The celebration of the life of Dick Gregory on Sept. 16 in Landover, Maryland, was over seven hours of eclectic diversity, from a serenade by Native Americans to a musical tribute with Ayanna Gregg’s daughter and Stevie Wonder, and speakers from MSNBC’s Lawrence O’ Donnell to D.C. Mayor Muriel Bowser, to the fiery Rep. Maxine Waters.
It has taken less than a year for the 45th president of the United States … United States? … to undo everything that the 44th president accomplished in eight years. I do not know about the rest of America, but I feel helpless! Somehow, living in America which is supposed to be “great again,” has me feeling like I may be in a foreign country or having a bad dream. Of course, both of these scenarios may be true.
When Carla Forbes was diagnosed with breast cancer last year, the retired elementary school principal didn’t think twice about opting for a bilateral mastectomy. “I lost my mom to the disease,” she said. “I just didn’t want to leave anything to chance.”
When bacteria enter the urethra and your immune system doesn’t fight them off, they may spread to the bladder and kidneys.
Last year’s Black National College Champions, the Grambling State Tigers (4-1), met the Prairie View Panthers (2-2) in a SWAC showdown at the State Fair Classic at the Cotton Bowl Oct. 7. The Tigers were led by North Texas native and Skyline standout Devante Kincade, #1, who threw for 265 yards and three touchdowns to lead his team to their fifth win of the season, beating Prairie View 34-14.
Each year, as the State Fair Classic rolls back around, the Prairie View Panthers pick a Dallas County school campus to host their local give back day. For 2017-2018, they chose Lancaster ISD’s Rosa Parks Millbrook Information Systems and Software Designs Academy.
Dallas Black Dance Theatre will bring social media to the main stage in the development of this year’s world premiere by Artistic Director Bridget L. Moore during the Director’s Choice. The series will be held Nov. 3-5. Social media will be used as a tool to obtain feedback regarding performances.
An African American novelist praised for her raw and powerful depictions of poor African Americans confronting racial and economic inequalities in the rural South said that winning a MacArthur fellowship gives her time and freedom.
Farm-fresh is what many families desire. Straight from the farm to your table is one of the best ways you can ensure you’re delivering a nutritious and delicious meal for family or friends.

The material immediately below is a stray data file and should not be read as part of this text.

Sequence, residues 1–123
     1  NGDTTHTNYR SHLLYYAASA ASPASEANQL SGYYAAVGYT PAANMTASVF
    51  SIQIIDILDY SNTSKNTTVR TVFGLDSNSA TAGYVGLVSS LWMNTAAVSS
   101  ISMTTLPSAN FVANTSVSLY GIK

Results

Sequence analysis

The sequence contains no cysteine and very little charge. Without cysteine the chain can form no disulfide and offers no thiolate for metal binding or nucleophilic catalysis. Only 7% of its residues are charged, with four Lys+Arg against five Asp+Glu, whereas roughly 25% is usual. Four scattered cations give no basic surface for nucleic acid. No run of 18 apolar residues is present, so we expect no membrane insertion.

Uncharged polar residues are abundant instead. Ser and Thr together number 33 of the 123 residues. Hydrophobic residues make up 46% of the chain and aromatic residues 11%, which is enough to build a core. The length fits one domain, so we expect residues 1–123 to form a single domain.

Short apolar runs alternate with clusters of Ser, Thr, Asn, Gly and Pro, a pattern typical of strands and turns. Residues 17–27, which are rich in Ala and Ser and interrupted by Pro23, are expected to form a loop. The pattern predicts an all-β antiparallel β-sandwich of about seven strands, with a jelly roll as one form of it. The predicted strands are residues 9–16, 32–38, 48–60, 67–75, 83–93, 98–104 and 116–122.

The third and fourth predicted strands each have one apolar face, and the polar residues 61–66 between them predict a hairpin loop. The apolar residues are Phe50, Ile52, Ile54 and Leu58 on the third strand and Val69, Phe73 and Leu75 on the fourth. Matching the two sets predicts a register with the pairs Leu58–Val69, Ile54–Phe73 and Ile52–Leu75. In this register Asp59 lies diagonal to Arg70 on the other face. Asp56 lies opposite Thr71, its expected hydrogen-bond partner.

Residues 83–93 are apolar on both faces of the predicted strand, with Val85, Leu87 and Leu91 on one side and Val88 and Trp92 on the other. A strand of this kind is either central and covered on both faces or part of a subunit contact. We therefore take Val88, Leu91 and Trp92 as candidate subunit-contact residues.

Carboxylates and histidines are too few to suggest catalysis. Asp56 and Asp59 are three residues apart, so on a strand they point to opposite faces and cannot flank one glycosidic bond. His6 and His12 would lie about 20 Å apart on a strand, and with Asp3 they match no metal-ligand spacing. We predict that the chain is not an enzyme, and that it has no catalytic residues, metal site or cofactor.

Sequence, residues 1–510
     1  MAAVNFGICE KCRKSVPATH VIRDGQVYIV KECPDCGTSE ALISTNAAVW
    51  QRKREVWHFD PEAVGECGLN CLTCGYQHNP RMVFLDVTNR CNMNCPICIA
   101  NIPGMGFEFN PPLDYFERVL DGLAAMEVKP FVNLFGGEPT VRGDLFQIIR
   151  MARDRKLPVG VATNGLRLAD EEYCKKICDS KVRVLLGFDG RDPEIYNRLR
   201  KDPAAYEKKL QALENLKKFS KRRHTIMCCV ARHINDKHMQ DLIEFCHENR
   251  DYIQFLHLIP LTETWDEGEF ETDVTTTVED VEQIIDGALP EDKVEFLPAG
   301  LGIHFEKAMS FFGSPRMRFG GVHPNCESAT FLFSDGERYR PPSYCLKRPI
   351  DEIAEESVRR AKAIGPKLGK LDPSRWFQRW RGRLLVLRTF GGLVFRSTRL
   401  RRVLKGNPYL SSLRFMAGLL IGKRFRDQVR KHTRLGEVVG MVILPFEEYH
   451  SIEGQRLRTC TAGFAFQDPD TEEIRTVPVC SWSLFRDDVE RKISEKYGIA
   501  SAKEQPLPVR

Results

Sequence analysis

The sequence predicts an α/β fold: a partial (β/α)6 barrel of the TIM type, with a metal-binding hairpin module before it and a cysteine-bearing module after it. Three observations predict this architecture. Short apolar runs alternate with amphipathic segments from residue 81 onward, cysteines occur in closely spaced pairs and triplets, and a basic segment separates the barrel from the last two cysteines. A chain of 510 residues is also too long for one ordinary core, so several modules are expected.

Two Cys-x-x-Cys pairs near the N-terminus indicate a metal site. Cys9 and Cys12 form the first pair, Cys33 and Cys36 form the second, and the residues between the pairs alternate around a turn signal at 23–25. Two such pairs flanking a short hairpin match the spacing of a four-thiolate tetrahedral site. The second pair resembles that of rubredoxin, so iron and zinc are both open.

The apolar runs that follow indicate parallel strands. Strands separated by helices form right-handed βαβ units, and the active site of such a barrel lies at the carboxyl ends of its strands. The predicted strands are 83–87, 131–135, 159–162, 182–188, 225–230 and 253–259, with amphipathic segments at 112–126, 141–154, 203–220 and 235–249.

A dynamic reboot of the action-drama show S.W.A.T. will air next month as Criminal Minds star Shemar Moore combines his star power with executive producer Aaron Rahsaan Thomas’ creative talent.
As America pursued justice against the Nazis after their WWII surrender, the nation remained caught in its own tangled moral web, proposed Dr. Graham Cox of the University of North Texas History Department during his presentation, Jim Crow and the Nuremberg Trials.
Mississippi-born civil rights activist Fannie Lou Hamer was commemorated Friday on what would have been her 100th birthday.
When Afghanistan War veteran Joseph Smith saw NFL players take a knee or raise a fist during the playing of the national anthem last month, he wasn’t offended – he was proud. Where some saw it as disrespectful, he saw it as patriotic.
This month I will be addressing two crops related to the African American experience: cotton and collard greens. In my first article, the picture reflected that I was growing not only okra, but cotton and collard greens. Since that article, many of you have asked me,
For Texas survivors of Hurricane Harvey, help from the U.S. Small Business Administration maby be an important part of the recovery process.
Nearly 150 years after he was killed on the streets of his adopted hometown, Octavius Valentine Catto was honored by a crowd of hundreds gathered in Philadelphia on Oct. 3 for the unveiling of a statue in his honor.
Dr. Lanre Falusi knows firsthand the anxiety families face when the future of their child’s health insurance is in jeopardy. A pediatrician at Children’s National Medical Center in Washington, D.C.
Fifty-eight dead and counting; 500 sent to hospitals.
In this month, we honor the civil rights icon and voting rights activist Fannie Lou Hamer. Born on Oct. 3, 1917, Hamer is fondly remembered and admired for her activism during the Civil Rights Movement, when she spoke out against the injustices that African Americans faced in Mississippi and across the United States.
“Rightful taxation is the price of social order. In other words, it is that portion of the citizen’s property, which he yields up to the government in order to provide for the protection of all the rest. It is not to be wantonly levied on the citizen, nor levied at all except in return for benefits conferred.” – Journal of the Senate of the State of Ohio, Dec. 6, 1847